With the opening of the new airstrip, Mahecic said humanitarian agencies will now be able to deliver relief items to the refugees even in adverse weather conditions.

    You May Like

    Post-White House, Obamas to Rent Washington Mansion

    Nine-bedroom home is 3 kilometers from Oval Office, near capital's Embassy Row; rent estimated at around $22,000 a month

    Red Planet? Not so much!

    New research suggest that Mars is in a warm period between cyclical ice ages, and that during Ice Age Maximum over 500,000 years ago, the red planet was decidedly ice, and much whiter to the naked eye.

    Taj Mahal Battles New Threat from Insects

    Swarms of insects are proliferating in the heavily contaminated waters of the Yamuna River, which flows behind the 17th century monument

    This forum has been closed.
    Comments
         
    There are no comments in this forum. Be first and add one

    By the Numbers

    Featured Videos

    Your JavaScript is turned off or you have an old version of Adobe's Flash Player. Get the latest Flash player.
    Vietnamese-American Youth Optimistic About Obama's Visit to Vietnami
    X
    Elizabeth Lee
    May 22, 2016 6:04 AM
    U.S. President Barack Obama's visit to Vietnam later this month comes at a time when Vietnam is seeking stronger ties with the United States. Many Vietnamese Americans, especially the younger generation, are optimistic Obama’s trip will help further reconciliation between the two former foes. Elizabeth Lee has more from the community called "Little Saigon" located south of Los Angeles.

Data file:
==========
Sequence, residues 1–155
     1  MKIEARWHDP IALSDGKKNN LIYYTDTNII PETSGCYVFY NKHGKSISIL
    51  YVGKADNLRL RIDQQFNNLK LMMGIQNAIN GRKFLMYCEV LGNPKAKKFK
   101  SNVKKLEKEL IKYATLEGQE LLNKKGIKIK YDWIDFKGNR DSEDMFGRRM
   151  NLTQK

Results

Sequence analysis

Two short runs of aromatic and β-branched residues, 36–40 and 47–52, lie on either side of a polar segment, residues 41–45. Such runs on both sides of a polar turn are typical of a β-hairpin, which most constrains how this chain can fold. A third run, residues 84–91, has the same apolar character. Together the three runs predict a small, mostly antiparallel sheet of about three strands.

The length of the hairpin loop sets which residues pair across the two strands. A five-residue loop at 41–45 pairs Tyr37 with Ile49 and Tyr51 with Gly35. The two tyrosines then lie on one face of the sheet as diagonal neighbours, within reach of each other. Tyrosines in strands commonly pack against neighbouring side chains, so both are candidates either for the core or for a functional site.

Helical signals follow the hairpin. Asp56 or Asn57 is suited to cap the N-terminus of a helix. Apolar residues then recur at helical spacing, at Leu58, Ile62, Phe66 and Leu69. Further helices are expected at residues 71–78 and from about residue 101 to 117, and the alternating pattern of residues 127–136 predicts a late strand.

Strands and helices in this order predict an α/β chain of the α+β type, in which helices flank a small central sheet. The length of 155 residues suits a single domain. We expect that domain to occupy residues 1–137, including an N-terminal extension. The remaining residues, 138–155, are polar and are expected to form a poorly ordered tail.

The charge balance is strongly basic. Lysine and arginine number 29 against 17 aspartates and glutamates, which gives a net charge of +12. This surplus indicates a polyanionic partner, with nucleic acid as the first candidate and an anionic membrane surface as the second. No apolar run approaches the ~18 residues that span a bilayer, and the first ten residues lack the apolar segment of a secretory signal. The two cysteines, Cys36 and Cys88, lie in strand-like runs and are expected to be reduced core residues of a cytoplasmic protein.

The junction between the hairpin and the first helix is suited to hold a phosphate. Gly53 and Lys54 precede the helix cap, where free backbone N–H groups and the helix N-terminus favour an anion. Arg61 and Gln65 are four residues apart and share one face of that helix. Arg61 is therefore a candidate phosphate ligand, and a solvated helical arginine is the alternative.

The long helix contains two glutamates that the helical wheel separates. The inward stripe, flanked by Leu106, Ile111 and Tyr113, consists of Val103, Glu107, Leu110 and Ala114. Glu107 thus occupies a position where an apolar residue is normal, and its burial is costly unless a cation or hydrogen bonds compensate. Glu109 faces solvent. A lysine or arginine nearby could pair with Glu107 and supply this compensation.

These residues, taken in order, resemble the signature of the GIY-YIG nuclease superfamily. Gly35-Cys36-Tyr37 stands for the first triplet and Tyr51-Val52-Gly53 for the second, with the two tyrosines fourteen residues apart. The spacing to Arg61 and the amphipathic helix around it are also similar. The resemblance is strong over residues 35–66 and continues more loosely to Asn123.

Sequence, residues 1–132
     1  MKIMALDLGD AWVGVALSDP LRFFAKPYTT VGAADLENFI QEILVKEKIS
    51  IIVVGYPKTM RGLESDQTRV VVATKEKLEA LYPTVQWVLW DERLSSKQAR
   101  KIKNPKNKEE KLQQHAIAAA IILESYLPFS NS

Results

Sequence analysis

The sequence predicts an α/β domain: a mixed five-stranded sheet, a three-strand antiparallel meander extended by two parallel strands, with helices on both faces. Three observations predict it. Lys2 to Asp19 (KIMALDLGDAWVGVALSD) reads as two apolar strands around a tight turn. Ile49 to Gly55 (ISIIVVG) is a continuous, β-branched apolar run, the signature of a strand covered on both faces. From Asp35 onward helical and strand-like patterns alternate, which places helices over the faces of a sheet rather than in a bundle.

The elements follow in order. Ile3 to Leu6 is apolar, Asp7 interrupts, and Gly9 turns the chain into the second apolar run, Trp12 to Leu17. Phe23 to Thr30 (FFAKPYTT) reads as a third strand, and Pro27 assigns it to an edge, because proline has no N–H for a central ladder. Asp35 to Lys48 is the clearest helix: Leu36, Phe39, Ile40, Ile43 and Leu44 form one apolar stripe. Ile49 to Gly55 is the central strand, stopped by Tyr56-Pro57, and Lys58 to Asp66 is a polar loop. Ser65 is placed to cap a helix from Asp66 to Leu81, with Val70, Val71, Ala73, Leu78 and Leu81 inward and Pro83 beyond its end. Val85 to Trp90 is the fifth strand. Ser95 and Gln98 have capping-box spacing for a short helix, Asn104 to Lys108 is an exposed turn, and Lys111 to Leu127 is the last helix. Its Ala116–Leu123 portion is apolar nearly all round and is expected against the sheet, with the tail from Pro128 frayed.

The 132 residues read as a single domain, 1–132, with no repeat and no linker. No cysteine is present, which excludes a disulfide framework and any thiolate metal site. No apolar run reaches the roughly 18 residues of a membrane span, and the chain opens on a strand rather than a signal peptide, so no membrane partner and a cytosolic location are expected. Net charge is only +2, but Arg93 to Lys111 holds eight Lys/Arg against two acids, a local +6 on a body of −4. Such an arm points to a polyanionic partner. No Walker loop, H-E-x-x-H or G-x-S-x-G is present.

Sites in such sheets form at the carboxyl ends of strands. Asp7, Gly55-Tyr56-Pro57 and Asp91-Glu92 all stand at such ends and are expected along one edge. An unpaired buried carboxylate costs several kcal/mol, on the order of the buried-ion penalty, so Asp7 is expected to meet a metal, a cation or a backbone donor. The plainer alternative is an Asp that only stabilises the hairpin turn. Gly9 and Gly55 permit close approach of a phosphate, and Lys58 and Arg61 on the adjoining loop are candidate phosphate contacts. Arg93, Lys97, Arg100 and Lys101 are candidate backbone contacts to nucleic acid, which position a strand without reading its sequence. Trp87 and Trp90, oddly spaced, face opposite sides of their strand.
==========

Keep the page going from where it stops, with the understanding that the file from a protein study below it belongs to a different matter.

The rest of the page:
Video

    Video Vietnamese-American Youth Optimistic About Obama's Visit to Vietnam

    U.S. President Barack Obama's visit to Vietnam later this month comes at a time when Vietnam is seeking stronger ties with the United States. Many Vietnamese Americans, especially the younger generation, are optimistic Obama’s trip will help further reconciliation between the two former foes. Elizabeth Lee has more from the community called "Little Saigon" located south of Los Angeles.
    Video

    Video First-generation, Afghan-American Student Sets Sights on Basketball Glory

    Their parents are immigrants to the United States. They are kids who live between two worlds -- their parents' homeland and the U.S. For many of them, they feel most "American" at school. It can be tricky balancing both worlds. In this report, produced by Beth Mendelson, Arash Arabasadi tells us about one Afghan-American student who seems to be coping -- one shot at a time.
    Video

    Video Newest US Citizens, Writing the Next Great Chapter

    While universities across the United States honor their newest graduates this Friday, many immigrants in downtown Manhattan are celebrating, too. One hundred of them, representing 31 countries across four continents, graduated as U.S. citizens, joining the ranks of 680,000 others every year in New York and cities around the country.
    Video

    Video Vietnam Sees Strong Economic Growth Despite Incomplete Reforms